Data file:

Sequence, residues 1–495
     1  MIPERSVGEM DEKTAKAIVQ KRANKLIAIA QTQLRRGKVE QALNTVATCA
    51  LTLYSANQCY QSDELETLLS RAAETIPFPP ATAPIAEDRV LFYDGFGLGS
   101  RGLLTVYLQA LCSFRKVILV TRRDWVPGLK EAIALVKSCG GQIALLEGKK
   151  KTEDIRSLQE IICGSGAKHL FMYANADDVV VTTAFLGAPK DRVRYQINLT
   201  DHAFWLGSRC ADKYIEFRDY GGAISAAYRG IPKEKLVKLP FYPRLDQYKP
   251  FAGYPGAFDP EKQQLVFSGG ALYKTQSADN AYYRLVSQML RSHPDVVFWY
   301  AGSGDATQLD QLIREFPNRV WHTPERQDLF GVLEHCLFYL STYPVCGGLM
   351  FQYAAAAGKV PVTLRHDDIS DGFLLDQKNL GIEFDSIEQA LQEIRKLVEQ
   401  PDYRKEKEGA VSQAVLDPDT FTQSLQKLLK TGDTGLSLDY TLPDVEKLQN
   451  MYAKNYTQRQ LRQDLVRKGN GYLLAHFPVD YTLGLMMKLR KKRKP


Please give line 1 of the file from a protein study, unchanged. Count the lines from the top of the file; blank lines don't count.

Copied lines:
Sequence, residues 1–495